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The sun rises behind Shanghai's Lujiazui Financial District of Pudong.

JOHANNES EISELE/AFP/Getty Images

Joe Berridge is a partner with Urban Strategies. He teaches at the University of Toronto and is a senior fellow at the Munk School of Global Affairs and Public Policy. He is author of Perfect City, to be published this month by Sutherland House, from which this essay is adapted.

Shanghai occupies a critical geopolitical position at the delta of the Yangtze River, the great route into China’s interior, and for much of its history it has been the Chinese city most engaged with the rest of the world. For two thousand years, China was the most populous and prosperous country on Earth. Only in the 18th and 19th centuries did European, American, and Japanese powers challenge its supremacy. The logic of China’s size and foundational geography is now vigorously reasserting itself.

China’s current leader, Xi Jinping, has in the delightful lexicon of Chinese planning introduced the notion of ‘One Belt, One Road’ to characterize his country’s newly declared geopolitical economic strategy. The One Belt is the newly reconstituted Silk Road, which for much of its route inside China follows the Yangtze. One Belt is being reinvented as a high-speed rail route leading from Shanghai to the interior and on through Eurasia, as well as to Malaysia and Singapore. The One Road consists of the network of sea routes springing from the megacities running along the country’s eastern maritime border, principally centred on Beijing/Tianjin, Shanghai and Hong Kong.

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Now, as through China’s extraordinary history, the One Belt and the One Road intersect at Shanghai.

REVIVING THE SILK ROAD

Silk Road Economic Belt

New Maritime Silk Road

Asian Infrastructure Investment Bank

(AIIB) members

RUSSIA

BRITAIN

CHINA

IRAN

Shanghai

EGYPT

INDIA

INDONESIA

AUSTRALIA

NEW ZEALAND

THE GLOBE AND MAIL, SOURCE: REUTERS

REVIVING THE SILK ROAD

Silk Road Economic Belt

New Maritime Silk Road

Asian Infrastructure Investment Bank (AIIB) members

RUSSIA

BRITAIN

CHINA

IRAN

Shanghai

EGYPT

INDIA

INDONESIA

AUSTRALIA

NEW ZEALAND

THE GLOBE AND MAIL, SOURCE: REUTERS

REVIVING THE SILK ROAD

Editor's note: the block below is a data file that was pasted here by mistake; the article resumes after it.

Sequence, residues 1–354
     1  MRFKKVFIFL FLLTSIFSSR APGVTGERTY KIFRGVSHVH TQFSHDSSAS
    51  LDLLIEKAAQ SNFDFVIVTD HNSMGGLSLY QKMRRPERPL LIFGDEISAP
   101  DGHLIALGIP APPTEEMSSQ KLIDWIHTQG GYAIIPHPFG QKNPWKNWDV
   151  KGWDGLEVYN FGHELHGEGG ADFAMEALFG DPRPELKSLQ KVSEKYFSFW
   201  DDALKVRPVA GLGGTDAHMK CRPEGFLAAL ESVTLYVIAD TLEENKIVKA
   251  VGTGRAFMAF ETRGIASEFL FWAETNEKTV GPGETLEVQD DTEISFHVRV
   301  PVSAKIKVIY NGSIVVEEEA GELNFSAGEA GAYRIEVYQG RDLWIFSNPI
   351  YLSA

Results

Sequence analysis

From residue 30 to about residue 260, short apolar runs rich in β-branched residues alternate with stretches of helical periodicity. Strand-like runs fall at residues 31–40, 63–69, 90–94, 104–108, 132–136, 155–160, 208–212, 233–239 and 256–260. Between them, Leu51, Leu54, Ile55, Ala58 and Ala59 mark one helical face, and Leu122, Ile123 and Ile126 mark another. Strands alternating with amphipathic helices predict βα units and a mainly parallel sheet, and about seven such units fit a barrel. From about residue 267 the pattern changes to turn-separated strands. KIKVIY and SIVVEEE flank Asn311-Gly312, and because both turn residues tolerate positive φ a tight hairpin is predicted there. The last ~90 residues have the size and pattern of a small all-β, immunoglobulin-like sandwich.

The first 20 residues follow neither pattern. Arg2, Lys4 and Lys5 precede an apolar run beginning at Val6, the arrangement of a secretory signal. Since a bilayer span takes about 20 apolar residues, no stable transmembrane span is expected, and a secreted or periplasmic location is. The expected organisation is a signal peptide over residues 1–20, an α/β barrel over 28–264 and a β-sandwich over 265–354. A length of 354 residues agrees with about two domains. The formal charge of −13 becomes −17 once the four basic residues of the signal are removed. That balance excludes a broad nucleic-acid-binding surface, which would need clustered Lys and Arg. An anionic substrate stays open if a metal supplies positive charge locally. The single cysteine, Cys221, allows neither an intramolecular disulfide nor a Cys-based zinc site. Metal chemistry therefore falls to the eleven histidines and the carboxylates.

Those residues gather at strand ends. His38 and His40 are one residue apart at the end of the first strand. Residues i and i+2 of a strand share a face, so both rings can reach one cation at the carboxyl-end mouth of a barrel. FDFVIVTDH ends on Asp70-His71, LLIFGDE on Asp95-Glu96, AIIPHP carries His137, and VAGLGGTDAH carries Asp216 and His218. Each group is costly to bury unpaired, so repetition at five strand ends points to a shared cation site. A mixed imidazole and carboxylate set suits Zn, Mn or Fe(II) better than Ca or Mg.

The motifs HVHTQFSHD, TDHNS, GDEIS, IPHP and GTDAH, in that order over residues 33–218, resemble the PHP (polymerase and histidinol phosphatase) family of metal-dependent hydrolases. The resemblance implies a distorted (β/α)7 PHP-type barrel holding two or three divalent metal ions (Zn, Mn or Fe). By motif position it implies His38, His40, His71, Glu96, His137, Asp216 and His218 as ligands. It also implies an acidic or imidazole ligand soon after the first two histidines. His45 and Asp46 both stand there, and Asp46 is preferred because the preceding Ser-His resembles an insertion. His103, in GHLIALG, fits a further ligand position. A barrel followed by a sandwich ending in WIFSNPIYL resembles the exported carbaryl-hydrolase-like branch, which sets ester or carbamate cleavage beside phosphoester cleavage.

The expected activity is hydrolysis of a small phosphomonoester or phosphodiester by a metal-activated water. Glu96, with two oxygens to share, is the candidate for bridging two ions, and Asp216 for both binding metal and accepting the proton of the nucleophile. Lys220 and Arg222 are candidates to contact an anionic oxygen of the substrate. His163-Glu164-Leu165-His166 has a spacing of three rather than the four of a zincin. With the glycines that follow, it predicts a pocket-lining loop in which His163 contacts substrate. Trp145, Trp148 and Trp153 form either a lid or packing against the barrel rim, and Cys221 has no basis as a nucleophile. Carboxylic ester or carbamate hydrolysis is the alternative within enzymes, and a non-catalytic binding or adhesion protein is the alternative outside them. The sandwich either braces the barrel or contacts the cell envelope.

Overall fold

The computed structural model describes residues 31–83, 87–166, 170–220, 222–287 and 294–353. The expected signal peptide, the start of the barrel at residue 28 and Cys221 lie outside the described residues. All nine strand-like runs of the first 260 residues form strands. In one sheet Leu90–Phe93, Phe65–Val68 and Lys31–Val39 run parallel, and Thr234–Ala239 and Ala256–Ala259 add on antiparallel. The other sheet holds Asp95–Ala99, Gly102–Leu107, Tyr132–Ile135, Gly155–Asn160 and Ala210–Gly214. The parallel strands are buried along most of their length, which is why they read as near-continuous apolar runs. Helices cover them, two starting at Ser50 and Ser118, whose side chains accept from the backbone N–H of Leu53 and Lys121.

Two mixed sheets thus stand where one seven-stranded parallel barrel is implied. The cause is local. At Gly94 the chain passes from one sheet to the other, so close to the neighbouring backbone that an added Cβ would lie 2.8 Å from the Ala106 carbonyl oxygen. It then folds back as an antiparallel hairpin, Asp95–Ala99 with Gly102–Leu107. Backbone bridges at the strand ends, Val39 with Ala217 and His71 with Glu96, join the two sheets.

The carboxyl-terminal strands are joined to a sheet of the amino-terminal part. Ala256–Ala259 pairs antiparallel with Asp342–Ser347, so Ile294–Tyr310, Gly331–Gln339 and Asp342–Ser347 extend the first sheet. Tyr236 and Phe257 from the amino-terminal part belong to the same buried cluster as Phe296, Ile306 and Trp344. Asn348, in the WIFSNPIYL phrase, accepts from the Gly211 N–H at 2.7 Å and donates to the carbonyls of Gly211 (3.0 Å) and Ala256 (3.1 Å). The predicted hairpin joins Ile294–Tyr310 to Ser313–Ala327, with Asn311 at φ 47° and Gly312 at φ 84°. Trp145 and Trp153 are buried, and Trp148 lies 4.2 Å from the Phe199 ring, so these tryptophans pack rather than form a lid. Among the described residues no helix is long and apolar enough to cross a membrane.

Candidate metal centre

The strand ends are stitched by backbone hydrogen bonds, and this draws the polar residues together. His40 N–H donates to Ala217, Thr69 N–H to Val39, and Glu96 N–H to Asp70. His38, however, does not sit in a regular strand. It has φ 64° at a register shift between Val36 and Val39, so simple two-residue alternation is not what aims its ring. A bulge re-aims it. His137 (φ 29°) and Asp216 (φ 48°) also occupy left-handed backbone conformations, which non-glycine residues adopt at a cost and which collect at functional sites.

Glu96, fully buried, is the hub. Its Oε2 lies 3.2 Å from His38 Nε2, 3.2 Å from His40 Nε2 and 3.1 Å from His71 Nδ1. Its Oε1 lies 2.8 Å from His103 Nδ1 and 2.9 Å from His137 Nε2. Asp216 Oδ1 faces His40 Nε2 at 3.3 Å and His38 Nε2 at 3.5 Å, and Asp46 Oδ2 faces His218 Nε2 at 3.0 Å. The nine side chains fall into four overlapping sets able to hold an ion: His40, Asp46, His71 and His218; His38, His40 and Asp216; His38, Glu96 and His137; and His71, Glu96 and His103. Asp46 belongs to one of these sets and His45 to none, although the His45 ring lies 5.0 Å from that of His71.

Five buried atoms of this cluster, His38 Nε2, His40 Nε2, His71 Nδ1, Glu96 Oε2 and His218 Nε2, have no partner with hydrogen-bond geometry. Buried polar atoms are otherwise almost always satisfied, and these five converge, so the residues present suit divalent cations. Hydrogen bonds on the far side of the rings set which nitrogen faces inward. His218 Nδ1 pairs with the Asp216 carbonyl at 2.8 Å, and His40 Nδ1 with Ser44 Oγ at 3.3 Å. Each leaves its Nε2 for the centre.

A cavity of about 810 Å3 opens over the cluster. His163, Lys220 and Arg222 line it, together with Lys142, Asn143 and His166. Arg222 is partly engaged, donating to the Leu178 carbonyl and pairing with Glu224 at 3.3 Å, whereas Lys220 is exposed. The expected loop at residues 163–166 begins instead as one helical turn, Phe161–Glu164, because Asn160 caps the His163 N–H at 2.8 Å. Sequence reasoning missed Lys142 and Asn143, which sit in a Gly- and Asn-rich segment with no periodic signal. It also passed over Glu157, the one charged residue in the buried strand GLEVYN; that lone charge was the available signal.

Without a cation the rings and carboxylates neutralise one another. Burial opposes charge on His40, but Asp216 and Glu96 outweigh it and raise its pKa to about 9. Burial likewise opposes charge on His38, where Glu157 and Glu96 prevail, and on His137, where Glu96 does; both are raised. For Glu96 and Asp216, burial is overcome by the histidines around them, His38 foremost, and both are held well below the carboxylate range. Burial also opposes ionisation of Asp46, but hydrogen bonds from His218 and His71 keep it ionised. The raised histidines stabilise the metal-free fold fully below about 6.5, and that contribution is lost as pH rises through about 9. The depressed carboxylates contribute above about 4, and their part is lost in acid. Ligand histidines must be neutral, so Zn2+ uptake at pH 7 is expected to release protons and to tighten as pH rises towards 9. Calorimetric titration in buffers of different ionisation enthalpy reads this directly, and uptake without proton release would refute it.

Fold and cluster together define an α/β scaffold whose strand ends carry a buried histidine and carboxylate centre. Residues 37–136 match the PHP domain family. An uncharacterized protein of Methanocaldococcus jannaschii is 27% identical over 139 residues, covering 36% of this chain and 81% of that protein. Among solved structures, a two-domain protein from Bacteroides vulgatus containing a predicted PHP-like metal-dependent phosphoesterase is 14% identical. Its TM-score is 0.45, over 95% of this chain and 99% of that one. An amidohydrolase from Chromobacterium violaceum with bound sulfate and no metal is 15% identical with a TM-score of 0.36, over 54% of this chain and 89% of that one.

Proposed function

Silk Road Economic Belt

New Maritime Silk Road

Projects subsumed under China’s Belt and Road initiative

Gas pipelines

Existing railroads

Ports with Chinese engagement

Oil pipelines

Planned railroads

Planned or under construction

Proposed economic corridors

RUSSIA

BRITAIN

SPAIN

CHINA

Shanghai

IRAN

EGYPT

INDIA

SINGAPORE

INDONESIA

AUSTRALIA

Asian Infrastructure

Investment Bank

(AIIB) members

NEW ZEALAND

THE GLOBE AND MAIL, SOURCE: REUTERS

London and New York, the world’s current leading cities, share Shanghai’s foundational geographic logic. Their safe harbours are easily accessible to the world’s trade, and their Thames and Hudson Rivers provided a ready route into a huge hinterland. Despite all the changes in transport modes and technology, geography will out, which is why Shanghai will be the capital city of the future. The world’s centre of economic gravity is steadily moving back to where it started.

Shanghai currently has a population of 24 million, almost equal to those two other global urban leaders combined, and it is projected to grow to between 35 and 45 million by 2050, with the surrounding Yangtze Delta region surging to about 200 million. This extraordinary rate of growth has been consistent since the 1980s when the population of the city was less than half of what it is today. What is remarkable about Shanghai, and why it is so significant an example of the planet’s relentless urbanization, is that few, if any cities have coped with such dramatic urban growth as effectively.

Planning for Shanghai’s future started in earnest in the late 1980s, with a vision and an effectiveness unmatched in urban history. Georges-Eugène Haussmann’s mid-19th century remake of Paris might come closest, but even that monumental and rapid urban transformation pales in comparison to the past 30 years in Shanghai. All Robert Moses’s megalomaniac visions for New York would not even make the scorecard.

Shanghai decided to completely retool its machine. Just one statistic: The Shanghai metro system, with its 12 lines, is now the most extensive in the world, yet its first line opened only in 1993. Four new lines are under construction and five existing lines are being extended. No city outside of China can compete with so comprehensive a transit expansion, and that is just one facet of the rebuild. Shanghai has provided one of the world’s largest and most rapidly growing urban populations with a quality of life and a breadth of infrastructure unmatched by any other megalopolis. It has done so in less than three decades.

Shanghai is growing at the rate of 700,000 to 800,000 people a year. Toronto, the fastest growing urban region in Europe or North America, is growing by only 100,000 to 125,000 a year. London and New York are far slower. If current trends continue, one billion people will live in China’s cities by 2025. In that short time, the country will add a new urban population greater than the current population of the United States. Those new citizens will be migrants from the Chinese hinterland, and the majority will be living in one of the country’s 23 cities with a population greater than five million, of which eight will have populations of more than 10 million. Shanghai will be the largest.